Header for Views from St Peter's


Views Index | Events | Home page

The Gifts of the Magi

Feast of the Epiphany: 6 January, 2013
Fr Philip Gill
Assistant Priest, St Peter's, Eastern Hill and Lazarus Centre Chaplain

The visit to the home of Jesus by the Magi or wise men is one of those stories that appear in only one gospel, Matthew. It may well be, as Anthony J Saldarini suggests, that the community of Matthew, that is the church for which this gospel was written, was a mixture of Jewish and Gentile Christians struggling to make sense of their new existence in the midst of opposition from the synagogues and varying intensities of persecution from the Roman Empire.[1]

It is as if the writer is saying to readers: no matter what political intrigues are swirling around us, no matter what ideas are vying our allegiance and no matter what voices are demanding to be heard, it is Jesus to whom our loyalty belongs. For it is to Jesus that the gifts of gold, frankincense and myrrh are given.

Traditionally, the gift of gold stands for the kingship of Christ, the frankincense for his divinity and the myrrh for his humanity, or more specifically his death. These valuable things, though they are not the only gifts the Magi bring. They also offer themselves, the expertise that brings them, the courage that sustains them and the wisdom that gets them home. These wise men, sages as they are known, come as gift givers and they come in response to the greatest gift given to humanity — Jesus Christ the Son of God.

Initially it is God who gives all gifts — the gift of creation, the gift of life, the gift of the Spirit, and the gifts of the Spirit. Sometimes we recognise these gifts and need to and want to respond. Other times we take them for granted and even see ourselves at the centre of life. Then at best we give in order to receive and are disappointed if we do not receive in equal proportion (or better) to our own giving.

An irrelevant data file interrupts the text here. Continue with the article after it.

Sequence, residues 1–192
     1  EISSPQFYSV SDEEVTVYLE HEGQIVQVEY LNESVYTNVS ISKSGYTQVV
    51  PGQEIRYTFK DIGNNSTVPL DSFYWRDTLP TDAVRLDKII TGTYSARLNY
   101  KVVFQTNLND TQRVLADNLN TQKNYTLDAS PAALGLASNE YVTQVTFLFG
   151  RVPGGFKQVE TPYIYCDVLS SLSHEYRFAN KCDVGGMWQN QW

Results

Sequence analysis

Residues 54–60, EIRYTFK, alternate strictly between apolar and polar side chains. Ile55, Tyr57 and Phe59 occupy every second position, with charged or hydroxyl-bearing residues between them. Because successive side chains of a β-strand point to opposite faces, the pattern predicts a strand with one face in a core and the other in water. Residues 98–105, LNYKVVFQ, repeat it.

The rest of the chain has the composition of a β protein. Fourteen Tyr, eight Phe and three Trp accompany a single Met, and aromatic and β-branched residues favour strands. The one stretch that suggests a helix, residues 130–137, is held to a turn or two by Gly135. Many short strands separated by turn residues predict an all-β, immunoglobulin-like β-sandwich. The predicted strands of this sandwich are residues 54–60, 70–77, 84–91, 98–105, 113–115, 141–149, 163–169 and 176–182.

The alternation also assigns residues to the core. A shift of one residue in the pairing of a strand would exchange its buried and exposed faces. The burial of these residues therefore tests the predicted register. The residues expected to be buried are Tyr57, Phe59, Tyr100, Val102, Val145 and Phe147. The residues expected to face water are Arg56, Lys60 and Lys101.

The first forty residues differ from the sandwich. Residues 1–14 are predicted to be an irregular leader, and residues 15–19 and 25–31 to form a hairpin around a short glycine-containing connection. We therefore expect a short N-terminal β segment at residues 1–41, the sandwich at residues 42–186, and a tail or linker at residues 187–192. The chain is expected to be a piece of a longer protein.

The Magi provide us with an important example. They brought their gifts in response to a great initiative of God. And they faithfully brought them not to Herod, the official king of the Jews, but to the home of a humble family and laid them at the feet of the child.

The story tells us that Herod was troubled by the news of the appearance of the Magi. This image tallies with what we know about him. He would not tolerate challenges to his leadership and had members of his family and court executed at the slightest hint of disloyalty. As the second chapter of Matthew unfolds we read of the dangers that existed for those who opposed Herod. The Magi are warned in a dream to return a different way and the Holy Family must flee to Egypt to escape the massacre of the Innocents.

As it was in New Testament times, so it has been through subsequent centuries: those who bring their gifts to Jesus do so in political, economic and personal turbulence. We too bring our gifts to our Lord in turbulent times. Our brothers and sisters in Christ bring their gifts to Christ in turbulent times.

Looking back just over the last twelve months we could raise many examples of Christians who bring their gifts to their Lord in the midst of great challenge and difficulty — war, natural disaster, sickness, disappointment, grief may all serve to distract us from the one who deserves our gifts. The Magi remind us that it is not just in the midst of these things that we offer our gifts but even because of them. As we read in psalm 121, "I lift my eyes to the hills; but where shall I find help? My help comes from the Lord; who has made heaven and earth."

Our lives are bombarded by bad news stories but if we take the trouble to look we can find examples of those prepared to give for the betterment of others. For example, activist and author, Frances Moore Lappé, has written of what has happened in the Brazilian city of Belo Horizonte when, in 1993 local politicians accepted responsibility for those of their citizens who did not have enough good food to eat. The following are excerpts from an article Frances wrote about her visit to Belo. [2]

Belo, a city of 2.5 million people, once had 11 percent of its population living in absolute poverty, and almost 20 percent of its children going hungry. Then in 1993, a newly elected administration declared food a right of citizenship. The officials said, in effect: If you are too poor to buy food in the market-you are no less a citizen. I am still accountable to you...